Why are intersections designed for cars instead of pedestrians?

It's a thought exercise started by Alissa Walker in Gizmodo and picked up by Rachel Quednau in Strong Towns. It's always the people on foot who have to press what Alyssa calls a "beg button".

It's annoying for walkers: have you ever tried to walk a few blocks, stopping to hit the button at every single intersection? Or hit the button just a few seconds too late and had to wait a whole additional cycle? But it also illustrates the backwardness of our street design: pedestrians, who are supposed to have the right-of-way, are required to press a button at an intersection in order to get a walk signal, which should happen automatically.

Rachel on Strong Towns feels that it creates a bias, telling the pedestrian where their place is:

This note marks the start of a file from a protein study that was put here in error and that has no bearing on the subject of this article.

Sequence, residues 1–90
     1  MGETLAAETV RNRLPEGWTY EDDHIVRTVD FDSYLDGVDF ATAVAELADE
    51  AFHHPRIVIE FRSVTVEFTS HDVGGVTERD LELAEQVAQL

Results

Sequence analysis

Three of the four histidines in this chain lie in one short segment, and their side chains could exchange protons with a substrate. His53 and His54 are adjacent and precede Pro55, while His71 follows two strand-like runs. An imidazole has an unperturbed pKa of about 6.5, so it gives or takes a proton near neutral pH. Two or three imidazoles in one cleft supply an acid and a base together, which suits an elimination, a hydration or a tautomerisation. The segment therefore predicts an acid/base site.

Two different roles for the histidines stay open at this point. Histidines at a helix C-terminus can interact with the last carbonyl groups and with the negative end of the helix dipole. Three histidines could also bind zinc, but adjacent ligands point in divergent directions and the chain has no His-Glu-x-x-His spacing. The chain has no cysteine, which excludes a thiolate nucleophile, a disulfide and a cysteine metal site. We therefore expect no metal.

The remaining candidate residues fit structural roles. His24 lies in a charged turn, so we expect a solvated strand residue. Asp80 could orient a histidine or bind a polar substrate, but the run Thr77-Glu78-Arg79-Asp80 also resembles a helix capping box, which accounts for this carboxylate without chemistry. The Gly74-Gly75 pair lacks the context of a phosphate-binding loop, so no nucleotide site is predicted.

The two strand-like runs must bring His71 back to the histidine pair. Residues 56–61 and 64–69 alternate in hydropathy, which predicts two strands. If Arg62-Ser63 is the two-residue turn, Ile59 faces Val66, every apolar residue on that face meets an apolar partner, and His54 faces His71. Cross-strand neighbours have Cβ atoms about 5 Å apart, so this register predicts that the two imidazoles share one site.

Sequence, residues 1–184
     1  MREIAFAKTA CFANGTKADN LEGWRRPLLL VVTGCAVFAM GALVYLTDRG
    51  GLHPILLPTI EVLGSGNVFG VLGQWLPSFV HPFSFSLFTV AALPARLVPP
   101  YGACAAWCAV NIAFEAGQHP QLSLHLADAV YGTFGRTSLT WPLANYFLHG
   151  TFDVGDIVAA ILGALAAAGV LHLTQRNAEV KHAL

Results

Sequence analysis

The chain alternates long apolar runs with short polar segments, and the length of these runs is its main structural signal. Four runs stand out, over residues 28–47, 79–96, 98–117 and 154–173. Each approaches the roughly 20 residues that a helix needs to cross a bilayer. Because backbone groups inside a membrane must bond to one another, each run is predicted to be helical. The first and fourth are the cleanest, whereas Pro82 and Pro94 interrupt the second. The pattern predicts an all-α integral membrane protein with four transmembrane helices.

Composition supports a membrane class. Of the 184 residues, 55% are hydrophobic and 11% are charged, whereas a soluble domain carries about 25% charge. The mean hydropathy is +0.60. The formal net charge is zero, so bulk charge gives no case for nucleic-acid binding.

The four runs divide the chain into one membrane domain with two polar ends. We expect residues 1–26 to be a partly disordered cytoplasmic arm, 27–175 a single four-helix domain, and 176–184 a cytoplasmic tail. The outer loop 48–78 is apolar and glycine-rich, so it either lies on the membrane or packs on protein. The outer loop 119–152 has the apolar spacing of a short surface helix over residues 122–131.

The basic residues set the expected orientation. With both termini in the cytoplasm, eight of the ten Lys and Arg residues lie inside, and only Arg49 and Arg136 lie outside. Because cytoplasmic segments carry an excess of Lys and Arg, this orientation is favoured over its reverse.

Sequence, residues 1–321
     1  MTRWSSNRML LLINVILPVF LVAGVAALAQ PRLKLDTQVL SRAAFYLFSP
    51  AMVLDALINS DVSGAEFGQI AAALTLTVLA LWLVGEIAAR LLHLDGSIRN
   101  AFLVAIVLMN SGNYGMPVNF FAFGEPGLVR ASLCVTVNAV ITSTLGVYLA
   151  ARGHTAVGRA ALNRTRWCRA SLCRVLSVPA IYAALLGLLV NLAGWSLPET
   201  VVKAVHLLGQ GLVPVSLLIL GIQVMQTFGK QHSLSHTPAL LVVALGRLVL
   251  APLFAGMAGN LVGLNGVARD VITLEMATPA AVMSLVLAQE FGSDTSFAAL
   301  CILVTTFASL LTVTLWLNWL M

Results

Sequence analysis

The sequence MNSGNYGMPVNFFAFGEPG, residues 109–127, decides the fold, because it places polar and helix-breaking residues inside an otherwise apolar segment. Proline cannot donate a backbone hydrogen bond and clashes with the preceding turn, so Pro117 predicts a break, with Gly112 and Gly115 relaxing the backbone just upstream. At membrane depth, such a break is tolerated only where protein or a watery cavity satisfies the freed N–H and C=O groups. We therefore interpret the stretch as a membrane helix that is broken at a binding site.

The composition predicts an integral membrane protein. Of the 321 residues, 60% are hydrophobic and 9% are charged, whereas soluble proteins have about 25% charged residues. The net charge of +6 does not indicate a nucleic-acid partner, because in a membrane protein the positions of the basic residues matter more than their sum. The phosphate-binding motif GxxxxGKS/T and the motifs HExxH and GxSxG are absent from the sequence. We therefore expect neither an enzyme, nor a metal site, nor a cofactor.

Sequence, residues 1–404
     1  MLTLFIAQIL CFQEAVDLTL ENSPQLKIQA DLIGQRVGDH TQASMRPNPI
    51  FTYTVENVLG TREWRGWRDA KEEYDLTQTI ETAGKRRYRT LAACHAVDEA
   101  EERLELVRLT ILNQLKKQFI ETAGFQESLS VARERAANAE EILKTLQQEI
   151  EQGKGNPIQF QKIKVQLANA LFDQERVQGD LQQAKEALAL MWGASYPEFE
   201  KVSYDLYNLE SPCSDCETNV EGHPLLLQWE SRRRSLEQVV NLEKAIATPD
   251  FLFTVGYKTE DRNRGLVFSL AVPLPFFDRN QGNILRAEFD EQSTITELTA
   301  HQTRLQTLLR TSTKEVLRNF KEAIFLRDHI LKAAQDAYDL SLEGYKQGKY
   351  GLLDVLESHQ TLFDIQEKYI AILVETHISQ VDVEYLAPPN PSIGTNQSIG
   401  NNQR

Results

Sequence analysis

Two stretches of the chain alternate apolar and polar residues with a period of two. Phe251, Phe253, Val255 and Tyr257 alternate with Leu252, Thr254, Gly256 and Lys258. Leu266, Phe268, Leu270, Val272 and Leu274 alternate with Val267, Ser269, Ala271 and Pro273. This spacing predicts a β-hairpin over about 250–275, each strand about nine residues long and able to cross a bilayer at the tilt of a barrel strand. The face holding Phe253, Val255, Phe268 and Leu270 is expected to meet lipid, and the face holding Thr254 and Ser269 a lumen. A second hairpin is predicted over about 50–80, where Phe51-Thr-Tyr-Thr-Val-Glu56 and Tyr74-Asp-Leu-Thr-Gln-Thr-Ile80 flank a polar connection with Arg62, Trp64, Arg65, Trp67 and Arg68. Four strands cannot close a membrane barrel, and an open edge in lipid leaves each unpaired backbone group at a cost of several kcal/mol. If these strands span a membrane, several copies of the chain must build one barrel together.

I know that the beg button may not seem like a big deal, but it is yet another way that cities send a message to pedestrians: You are not normal. You don't belong here. You need to push a button just to walk somewhere while we have built our transportation system to prioritize the free movement of cars.

Shaw and Harbord© Seann Marshall/ Spacing

All kinds of problems arise when you give one mode of transport priority. Just today I was cycling and came to a red light, watched the pedestrian countdown go to zero and the light didn't change; the sensor in the road didn't pick up me on my bike. I had to get off my bike and press the pedestrian beg button so that I could make a left turn, wondering why there are no beg buttons for bikes. (I am told that the sensor is supposed to detect bikes, I will be careful next time to get right on top of the dots).

Alyssa Walker also points to Streetpong, that we have covered before on TreeHugger.

Hey, at least give us something to do while we beg.

Tags: Walking

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